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Arnold SCHOENBERG (1874-1951)
Complete Piano Works
Drei Klavierstücke, Op.11 (1909) [15:13]
Sechs kleine Klavierstücke, Op.19 (1911) [5:22]
Fünf Klavierstücke, Op.23 (1923) [11:55]
Suite für Klavier, Op.25 (1923) [16:30]
Klavierstücke, Op.33a/b (1931) [6:02]
Pina Napolitano (piano)
rec. Studio Odradek, August 2011. DDD
ODRADEK ODRCD300 [55:09]

Op. 11 represents Schoenberg’s gradual move away from tonality. In the first piece we notice reminiscences of Brahms and classical form, and Napolitano gives a dreamy feel to the start. Soon this becomes interspersed with more rhythmic and fiery interjections which are well and clearly articulated.
 
Perhaps Claude Helffer gives a more dramatic performance on Harmonia Mundi. It is certainly quicker and fleet of foot, with very rhythmic but shapely playing. He plays with passion. He also takes the second movement somewhat faster than Napolitano and this helps maintain flow and structure. Napolitano also gives a good account and the recording is fine, though a touch boxy at times.
 
Better recorded on L’empreinte digitale is Michel Maurer, who gives a very lyrical account of the first movement but is no less dramatic than the others. The best recorded version is from Roland Pöntinen on BIS. The acoustic is warm and romantic, very appropriate for this music but BIS also copes admirably with the huge dynamic range demanded by the composer. Pöntinen plays with real lyricism where needed but the third movement is very fiery and dramatic and recorded with great clarity.
 
Sechs kleine Klavierstücke Op. 19 are characterised by the concentration of a realm of expressive possibilities in pieces of great brevity. Napolitano pays meticulous attention to every tiny detail. Her chosen tempi are very good and she accurately captures the mood. The final piece, written by Schoenberg following Mahler’s funeral, is exquisitely played. I am surprised to find the wide variety of tempi adopted by different players in this work. Paul Jacobs on Nonesuch makes much greater contrast with the speeds than Napolitano. His Sehr langsam of movement 3 really is slow, and movement 4 is crystal clear with its virtuosic final bars glittering.
 
Napolitano makes the most of the lyrical aspect in the first piece of Klavierstücke Op. 23 but she is equally effective in the more fiery and explosive moments. The third piece, marked Langsam, begins with a five-note motif, like a kind of precursor of the 12-note series which Schoenberg developed in the last movement and in Op. 25. I am struck by the meticulous detail which Napolitano gives her realisation of this and, indeed, all the movements. Every performance direction marked by Schoenberg is carefully observed and she has obviously spent a long time in preparation. There are a myriad different and subtle levels of staccato and articulation, dynamics and tempo changes.
 
Roland Pöntinen plays a slower Sehr langsam first movement than Napolitano, but I like the warmer sound of the Odradek recording and Napolitano gives the music more forward propulsion. In piece 4, Napolitano gives an exciting rendition and her explosive climaxes are convincingly approached, whilst the concluding Waltz dances along effectively.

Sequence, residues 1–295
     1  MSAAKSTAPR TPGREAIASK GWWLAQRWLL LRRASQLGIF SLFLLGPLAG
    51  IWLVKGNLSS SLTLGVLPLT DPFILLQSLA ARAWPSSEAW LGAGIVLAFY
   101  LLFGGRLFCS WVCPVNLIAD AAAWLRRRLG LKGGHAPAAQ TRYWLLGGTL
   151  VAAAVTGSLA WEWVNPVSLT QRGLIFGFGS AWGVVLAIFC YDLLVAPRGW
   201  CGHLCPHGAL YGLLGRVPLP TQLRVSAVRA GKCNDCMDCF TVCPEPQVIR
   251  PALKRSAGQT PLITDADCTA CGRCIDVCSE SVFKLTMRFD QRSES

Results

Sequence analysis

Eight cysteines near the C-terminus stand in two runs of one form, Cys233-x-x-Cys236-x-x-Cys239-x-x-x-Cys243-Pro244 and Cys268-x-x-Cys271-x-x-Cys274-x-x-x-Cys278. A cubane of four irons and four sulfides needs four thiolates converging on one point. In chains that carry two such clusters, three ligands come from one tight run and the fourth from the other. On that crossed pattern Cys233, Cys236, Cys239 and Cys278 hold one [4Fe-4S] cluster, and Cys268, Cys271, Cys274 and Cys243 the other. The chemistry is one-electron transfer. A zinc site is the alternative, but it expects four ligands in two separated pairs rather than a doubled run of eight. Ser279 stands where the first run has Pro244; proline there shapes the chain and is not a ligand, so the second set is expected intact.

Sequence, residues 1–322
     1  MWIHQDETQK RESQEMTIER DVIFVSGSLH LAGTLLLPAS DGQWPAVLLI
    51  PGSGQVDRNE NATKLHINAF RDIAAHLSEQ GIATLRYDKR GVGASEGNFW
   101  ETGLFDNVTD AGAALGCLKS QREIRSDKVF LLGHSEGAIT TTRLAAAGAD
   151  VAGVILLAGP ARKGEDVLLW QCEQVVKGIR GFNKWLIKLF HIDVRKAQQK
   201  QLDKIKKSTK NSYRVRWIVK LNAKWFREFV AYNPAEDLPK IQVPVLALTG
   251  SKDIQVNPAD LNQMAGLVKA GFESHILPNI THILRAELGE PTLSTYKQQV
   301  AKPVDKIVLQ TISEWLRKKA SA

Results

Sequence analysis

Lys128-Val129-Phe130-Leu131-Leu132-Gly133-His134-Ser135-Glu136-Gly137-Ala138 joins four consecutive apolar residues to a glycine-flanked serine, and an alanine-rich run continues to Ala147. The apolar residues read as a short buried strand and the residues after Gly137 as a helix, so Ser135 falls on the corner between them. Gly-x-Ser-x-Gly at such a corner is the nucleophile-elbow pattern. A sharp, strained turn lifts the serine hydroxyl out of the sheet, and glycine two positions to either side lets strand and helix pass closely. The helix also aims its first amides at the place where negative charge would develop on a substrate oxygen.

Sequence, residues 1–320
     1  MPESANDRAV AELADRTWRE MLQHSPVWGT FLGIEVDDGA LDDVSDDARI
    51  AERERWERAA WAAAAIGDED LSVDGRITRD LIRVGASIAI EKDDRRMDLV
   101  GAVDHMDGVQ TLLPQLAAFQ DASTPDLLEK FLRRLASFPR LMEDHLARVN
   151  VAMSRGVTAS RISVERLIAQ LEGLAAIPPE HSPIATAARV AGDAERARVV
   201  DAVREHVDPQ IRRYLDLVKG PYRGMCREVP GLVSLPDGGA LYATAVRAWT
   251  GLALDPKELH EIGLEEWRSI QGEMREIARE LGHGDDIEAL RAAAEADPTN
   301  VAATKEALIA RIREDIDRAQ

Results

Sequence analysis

The Suite Op. 25, whilst moving forward to serialism in the last movement, refers back to the Baroque Suite. The opening Präludium feels improvisatory though it is meticulously organised and Napolitano brings it to a fiery and energetic conclusion. The ensuing Gavotte feels a bit more dance-like and has the form and shape we would expect. The sudden fortes and accents deny the feelings of grace and charm we would expect in a Baroque dance movement but the Musette is witty, even amusing and at times delicate with lovely textures. The Intermezzo is the emotional centre of the work, slow, expressive and intense. Napolitano certainly gets to the heart of this music. The Menuett and Trio attempts to be more capricious, but maybe its complexity is too much for its own good. It is superbly played by Napolitano who is, as always, meticulous in following the composer’s directions. The concluding Gigue is a virtuosic tour de force of virtuosity and our pianist is well able to do justice to this movement’s great performance difficulties. She concludes her disc with fine and exhilarating accounts of Opp. 33a and 33b.
 
After having listened to most of Schoenberg’s music from time to time throughout my life, I have certainly come to admire it greatly and it can be a very refreshing change to hear music of this period. I have also taught some of the piano music, as well as discussing and analysing serial works with A level students. In spite of constantly trying, I still find it very difficult to really like or enjoy it, let alone love it or have any real desire to listen to it. However, I am still trying and Pina Napolitano’s recording on Odradek may be a good place to start. The pieces are superbly played and the disc is well-recorded.
 
If you are new to this music it might be a good idea to go for a recording which also includes the Berg Sonata which is a bit more approachable, probably because of its more romantic nature. Roland Pöntinen’s recording is very fine and offers good value as it includes the Berg (BIS-CD-1417). Peter Hill’s account on Naxos is very good, too, and includes not only the Berg but also a delicate and attractive performance of Webern’s Piano Variations Op. 27 (8.553870 – review).
 
To some extent, Schoenberg remained a romantic composer in spite of his route towards increasing atonality and serialism. In her programme note, Pina Napolitano states that she hopes that she succeeds in conveying the expressive and romantic force of Schoenberg’s music. I think we can say that she has achieved her goal.
 
Geoffrey Molyneux
 
Previous review: Paul Corfield Godfrey